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Money outflows

No thanks from investors for junk bond and US equity funds in late November, says EPFR

EPFR Global-tracked equity funds posted collective outflows of USD7.74bn during the week ending 21 November, while bond funds took in a net USD4.97bn.

Despite the hefty inflows recorded by money market funds and the big outflows posted by high yield bond funds, the latest numbers contained some bullish signals.

Emerging markets bond and equity funds both took in over USD1bn while flows into commodities sector funds investing in things other than gold and precious metals hit their highest level since the first week of 2Q11.

EPFR Global-tracked emerging markets equity funds posted their 11th consecutive week of inflows during the third week of November. The diversified global emerging markets (GEM) and Asia ex-Japan equity funds again accounted for all the inflows as Latin America and EMEA equity funds posted their fourth and seventh straight week of outflows respectively.

For the sixth week in a row China equity funds led the emerging markets country fund groups when it came to attracting fresh money as data from the country’s manufacturing sector shows signs of recovery. Once again, however, optimism about China did not translate into positive flows for Greater China or dedicated BRICs (Brazil, Russia, India and China) equity funds.

Outflows from EMEA equity funds hit a 25 week high as fresh political turmoil in Egypt added to the list of headwinds this fund group has faced in the second half of the year. Investors are also keeping their distance from Russia as they wait to see how its leadership responds to slowing growth, weaker global demand for energy and the challenges posed by its World Trade Organization obligations.

Developed markets equity funds remained under pressure in late November from the Eurozone’s economic weakness and uncertainty about US fiscal policy, although fund groups with more exposure to China’s story fared better.

Outflows from US equity funds were the second biggest in the 47 weeks year-to-date as retail redemptions hit levels last seen in late 1Q12. The 22 week inflow streak into Europe-domiciled US equity funds also came to an end. Since the last week of September, over USD36bn has been removed from all funds in this group. The uncertainty about the fiscal cliff also had an impact on Canada equity funds, which posted their third biggest outflow YTD.

Europe equity funds recorded outflows of USD528m, with Europe regional and Germany equity funds accounting for the bulk of the redemptions. While some fund managers now argue that the Eurozone has hit bottom, few are predicting any meaningful growth before 2014. Italy, however, continues to swim against the tide, with Italy equity funds attracting fresh money for the ninth time in the past 11 months.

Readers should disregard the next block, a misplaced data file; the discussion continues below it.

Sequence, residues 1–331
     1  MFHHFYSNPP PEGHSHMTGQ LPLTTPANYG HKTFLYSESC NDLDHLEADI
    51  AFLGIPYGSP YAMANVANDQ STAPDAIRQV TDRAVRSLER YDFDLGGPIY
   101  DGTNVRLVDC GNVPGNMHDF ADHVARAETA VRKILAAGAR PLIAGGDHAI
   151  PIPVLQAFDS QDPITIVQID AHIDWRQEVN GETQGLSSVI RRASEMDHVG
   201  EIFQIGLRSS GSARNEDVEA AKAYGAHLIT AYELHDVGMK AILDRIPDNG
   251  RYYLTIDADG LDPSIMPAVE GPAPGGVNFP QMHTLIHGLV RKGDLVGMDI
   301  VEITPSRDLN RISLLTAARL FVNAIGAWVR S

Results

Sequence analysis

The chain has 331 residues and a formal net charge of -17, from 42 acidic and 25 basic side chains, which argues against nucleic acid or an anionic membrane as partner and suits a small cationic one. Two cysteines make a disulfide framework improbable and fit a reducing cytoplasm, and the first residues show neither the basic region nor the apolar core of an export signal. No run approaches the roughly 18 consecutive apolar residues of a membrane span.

Flows into Japan equity funds were also positive, with retail commitments hitting their highest level since early 3Q11, as investors anticipate a more competitive currency for exporters if the current opposition party wins mid-December’s snap election.

The major diversified developed markets fund group, global equity funds, recorded inflows of the 11th time in the past 12 weeks.

With the 3Q12 earnings season done and dusted and the holiday season ahead, investors booked gains on many of their sector positions during the third week on November. Only three of the 11 major EPFR Global-tracked sector fund groups recorded inflows during the week and only two of those took in over USD50m.

Commodities sector funds were the standout in terms of attracting fresh money, absorbing over USD1.7bn. In contrast to previous weeks, however, flows into funds dedicated to gold and precious metals only accounted for only a quarter of the total.

Elsewhere, financial sector funds posted back-to-back weeks of outflows, redemptions from real estate and utilities sector funds hit a 20 and 38 week highs respectively and technology sector funds saw their outflow streak hit eight straight weeks.

EPFR Global-tracked high yield bond funds posted consecutive weekly outflows for the first time since mid-2Q12 as investors continued to reassess some of the riskier fixed income asset classes. In some cases, such as emerging markets local currency and European sovereign debt, investors are opting to increase their exposure to these riskier assets as the year draws to a close. For the fourth week running emerging markets local currency bond funds took in more money that their local currency counterparts while Europe bond funds extended their inflow streak to five straight weeks.

The USD5.7bn taken in by Europe bond funds represents their best run since the current financial crisis began in 2007. Investors are showing a preference for diversified exposure or non-Eurozone country funds.

Flows into US bond funds were anchored by commitments to intermediate term, municipal and short term bond funds, suggesting that more investors are focusing on the likely tax implications of the likely solutions to the fiscal deadlines facing the US. The flows into US municipal bond funds were the highest in 14 weeks.

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